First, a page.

What about Francophone organizing culture sparked the mobilization?
At the demonstrations and assemblies I attended, there was a noticeable lack of infighting. In my experience with American college and Occupy organizing, conflict over issues of process (everyone feeling like their voice is heard) and goals (radical or reformist political visions) are often prevalent.
In searching for an explanation to Montreals’ relative harmony and success in building a mass movement, I returned to Mehreen’s description of the culture of L'Université du Québec à Montréal, which she tried to emulate: “combative fight for our rights.”
Syndicalism is a principle many of my interviewees repeated. It refers to a sort of union-based collectivism. Academically, it’s defined as an alternative to capitalism and state socialism, relying on federations of multiple non-competitive units to manage the economy. In practice in Montreal, it amounted to a strong respect for autonomous decision-making, genuine trust within groups, and an intense sense of solidarity and collective purpose.
Mehreen asserted that this syndicalism was in the DNA of Quebecois organizing. Naturally, it was expressed in the movement’s foundational political body: the General Assembly.
The General Assembly at L'Université du Québec à Montréal was rather mundane. A group of biology students wanted an exception to the strike. They would lose a semester’s worth of lab work if they didn’t complete it by the fall, and only needed two weeks to finish.
A student brought up the implications of making exceptions. Someone raised that summer session wasn’t official. Another slipped “if the strike ever ends” into his statement and got laughs. An amendment was offered: the biology students do the lab work over the summer, but don’t submit them for grades until later so that their transcript doesn’t report classes taken during the strike. The resolution squeaked by with the necessary two-thirds majority. I checked my watch. It’d been forty-five minutes.
Coming from Occupy Philly — which is deciding whether to continue to have General Assemblies at all, and is working on a consensus-based process partially because some consider voting to be violent — the contrast was stark.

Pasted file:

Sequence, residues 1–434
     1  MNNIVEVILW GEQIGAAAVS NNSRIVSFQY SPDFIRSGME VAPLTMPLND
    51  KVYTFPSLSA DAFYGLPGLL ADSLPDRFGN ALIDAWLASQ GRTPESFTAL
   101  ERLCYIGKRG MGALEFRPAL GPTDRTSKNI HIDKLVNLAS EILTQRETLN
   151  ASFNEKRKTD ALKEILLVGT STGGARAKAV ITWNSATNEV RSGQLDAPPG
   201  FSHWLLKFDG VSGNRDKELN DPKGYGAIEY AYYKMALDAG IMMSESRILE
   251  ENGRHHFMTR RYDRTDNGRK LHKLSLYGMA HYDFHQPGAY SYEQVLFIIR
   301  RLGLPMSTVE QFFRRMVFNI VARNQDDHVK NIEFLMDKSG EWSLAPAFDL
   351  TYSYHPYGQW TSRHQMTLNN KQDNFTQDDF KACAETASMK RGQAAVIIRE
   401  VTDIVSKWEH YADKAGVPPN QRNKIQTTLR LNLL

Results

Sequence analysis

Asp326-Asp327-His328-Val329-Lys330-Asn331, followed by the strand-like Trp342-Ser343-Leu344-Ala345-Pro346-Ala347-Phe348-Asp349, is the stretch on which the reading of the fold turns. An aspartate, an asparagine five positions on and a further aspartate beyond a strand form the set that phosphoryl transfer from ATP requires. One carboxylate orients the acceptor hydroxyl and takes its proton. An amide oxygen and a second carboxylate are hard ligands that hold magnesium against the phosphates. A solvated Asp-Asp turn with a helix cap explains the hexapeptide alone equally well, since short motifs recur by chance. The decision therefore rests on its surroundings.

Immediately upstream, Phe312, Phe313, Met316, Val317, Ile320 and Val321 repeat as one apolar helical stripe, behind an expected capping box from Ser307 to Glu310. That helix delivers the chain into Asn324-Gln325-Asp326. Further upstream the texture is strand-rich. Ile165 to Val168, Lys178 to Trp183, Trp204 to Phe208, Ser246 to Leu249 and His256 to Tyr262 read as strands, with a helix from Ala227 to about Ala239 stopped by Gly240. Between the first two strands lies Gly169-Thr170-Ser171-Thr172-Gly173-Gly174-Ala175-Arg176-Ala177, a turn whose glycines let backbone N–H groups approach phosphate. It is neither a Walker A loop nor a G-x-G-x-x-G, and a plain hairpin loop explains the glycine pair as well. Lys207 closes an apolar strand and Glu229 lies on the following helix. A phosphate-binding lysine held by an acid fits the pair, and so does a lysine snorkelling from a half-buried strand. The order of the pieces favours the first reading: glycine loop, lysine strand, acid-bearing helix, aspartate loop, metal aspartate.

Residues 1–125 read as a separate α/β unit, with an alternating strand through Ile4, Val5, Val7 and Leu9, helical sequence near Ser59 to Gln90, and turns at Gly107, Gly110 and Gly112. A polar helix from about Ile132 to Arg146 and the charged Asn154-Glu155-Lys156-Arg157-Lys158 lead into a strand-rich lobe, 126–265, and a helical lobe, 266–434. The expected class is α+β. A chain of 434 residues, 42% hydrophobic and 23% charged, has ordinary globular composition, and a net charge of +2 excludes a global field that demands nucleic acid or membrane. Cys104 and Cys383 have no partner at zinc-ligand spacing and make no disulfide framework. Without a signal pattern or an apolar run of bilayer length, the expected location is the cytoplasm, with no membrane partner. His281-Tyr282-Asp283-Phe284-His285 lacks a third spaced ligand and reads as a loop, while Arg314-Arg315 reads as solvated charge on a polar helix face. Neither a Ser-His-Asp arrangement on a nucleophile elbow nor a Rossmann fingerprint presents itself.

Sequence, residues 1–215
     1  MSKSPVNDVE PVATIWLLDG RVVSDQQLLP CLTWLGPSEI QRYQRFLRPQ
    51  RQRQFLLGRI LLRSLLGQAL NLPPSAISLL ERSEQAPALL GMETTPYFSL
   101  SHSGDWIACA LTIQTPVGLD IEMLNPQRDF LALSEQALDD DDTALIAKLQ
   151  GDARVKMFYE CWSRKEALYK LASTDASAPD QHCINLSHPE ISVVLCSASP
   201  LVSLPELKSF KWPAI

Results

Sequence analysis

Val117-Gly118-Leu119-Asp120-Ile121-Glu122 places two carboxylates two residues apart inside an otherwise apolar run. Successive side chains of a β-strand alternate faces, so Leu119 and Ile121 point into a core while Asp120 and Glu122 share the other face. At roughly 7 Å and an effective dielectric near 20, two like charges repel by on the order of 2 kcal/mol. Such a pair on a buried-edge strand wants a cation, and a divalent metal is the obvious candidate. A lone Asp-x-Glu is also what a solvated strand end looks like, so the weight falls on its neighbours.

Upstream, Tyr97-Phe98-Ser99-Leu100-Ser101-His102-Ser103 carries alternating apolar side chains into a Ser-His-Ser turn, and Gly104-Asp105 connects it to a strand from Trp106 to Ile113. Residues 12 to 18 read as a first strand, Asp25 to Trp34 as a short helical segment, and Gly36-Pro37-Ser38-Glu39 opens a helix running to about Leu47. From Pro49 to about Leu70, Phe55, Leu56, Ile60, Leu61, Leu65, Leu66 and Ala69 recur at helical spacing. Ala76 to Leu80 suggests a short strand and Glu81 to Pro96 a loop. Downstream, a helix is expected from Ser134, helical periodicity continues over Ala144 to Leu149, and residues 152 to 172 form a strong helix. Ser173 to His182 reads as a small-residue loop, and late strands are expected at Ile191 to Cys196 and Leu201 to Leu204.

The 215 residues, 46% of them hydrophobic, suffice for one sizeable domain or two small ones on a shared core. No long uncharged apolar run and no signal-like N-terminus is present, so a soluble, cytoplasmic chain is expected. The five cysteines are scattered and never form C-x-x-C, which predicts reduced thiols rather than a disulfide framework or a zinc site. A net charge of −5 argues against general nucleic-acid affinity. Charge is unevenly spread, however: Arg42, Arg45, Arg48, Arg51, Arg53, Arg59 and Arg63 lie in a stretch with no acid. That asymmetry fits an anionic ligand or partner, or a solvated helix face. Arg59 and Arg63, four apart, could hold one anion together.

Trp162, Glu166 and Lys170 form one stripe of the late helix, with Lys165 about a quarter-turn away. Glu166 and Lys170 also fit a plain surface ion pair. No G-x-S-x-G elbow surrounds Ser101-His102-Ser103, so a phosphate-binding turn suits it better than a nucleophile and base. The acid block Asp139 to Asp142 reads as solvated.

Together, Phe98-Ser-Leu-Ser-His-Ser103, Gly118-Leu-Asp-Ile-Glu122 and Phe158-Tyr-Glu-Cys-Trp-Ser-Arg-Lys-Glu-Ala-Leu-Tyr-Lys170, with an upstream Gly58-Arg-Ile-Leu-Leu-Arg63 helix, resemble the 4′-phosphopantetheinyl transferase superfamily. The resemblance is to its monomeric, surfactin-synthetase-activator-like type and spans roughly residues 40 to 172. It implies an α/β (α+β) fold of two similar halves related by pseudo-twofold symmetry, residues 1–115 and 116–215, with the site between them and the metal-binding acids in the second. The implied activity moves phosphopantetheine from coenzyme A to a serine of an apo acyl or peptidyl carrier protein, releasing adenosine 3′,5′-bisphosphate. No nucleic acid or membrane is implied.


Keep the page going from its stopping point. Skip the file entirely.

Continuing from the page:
Occupy’s “step up, step back” anti-oppression policy and radical horizontalism calls for participants to favor underrepresented voices by taking into account how privilege embedded in their identities affects their language, manner, and ideas. The assembly at L'Université du Québec à Montréal, which was governed by principles similar to Robert’s Rules, simply asked that no one speak twice before everyone got a chance to speak once, that speakers alternate in gender, and that nominated facilitators be approved by a vote.
The structure is designed for efficiency and accountability all the way down. Students belong to unions in their faculties and departments, which send delegates to a congress, where any decision made must be ratified by each departmental assembly. Occupy exerts great effort to ensure that all participants feel like their concerns have been heard, while Montrealers focus more on productivity and yet few seem to feel hurt or excluded.
Quebec’s particular culture of solidarity, or syndicalism, engenders the trust necessary for a union structure to function well. The culture also fosters a sense of inclusivity and understanding that makes the movement more inviting to all students.
“It’s not about tuition for me, and it never was,” said Mehreen. Both Mehreen and Noemi Stern, an activist at McGill University in Montreal, have political visions that extend far beyond a tuition freeze. Stern hopes for small, autonomous, democratic communities, while Mehreen wants an end to privatization of public services.
But the manifencours (a name for the protests meaning “manifestations in the streets”) are not about dismantling the system, and these radical-leaning activists are okay with that. “We went on strike on those demands, so we want a resolution,” Mehreen declared. Even if a tuition freeze feels inadequate or social change based in the political system seems reformist, they remain committed to their classmates.
Mehreen personally convinced students that striking works, and that the 75 percent tuition hike was the reason to strike now. Mehreen’s sense of obligation and respect for the student union’s decisions makes her want to include students with a range of political views, including those counter to her own.
“We just want to go to school,” cried Zupa Semitego, a protester without particularly radical aspirations who has been shocked by police repression. She claimed, “[The police] made this into a bigger thing than it is.” According to Mehreen, once involved, many like Semitego have become radicalized through the experience of participatory democracy or the sting of pepper spray.
On American campuses, most students are not attracted to activist groups, and some feel alienated or even attacked by them. Is such solidarity even possible in America, particularly with its plurality of identities?
According to Wall Street Occupier David Murphy, it’s not. “Shared identity. We don’t have that in America,” said Murphy, who came to Canada for the protests.
“There are so many different cultures in the US that they fractionalize,” Murphy claimed, pointing to splits in Chicago. “Occupy Chicago is now the college students which are mostly white. Occupy El Barrio…is mostly Latin American, and Occupy the Hood…is predominately African American.”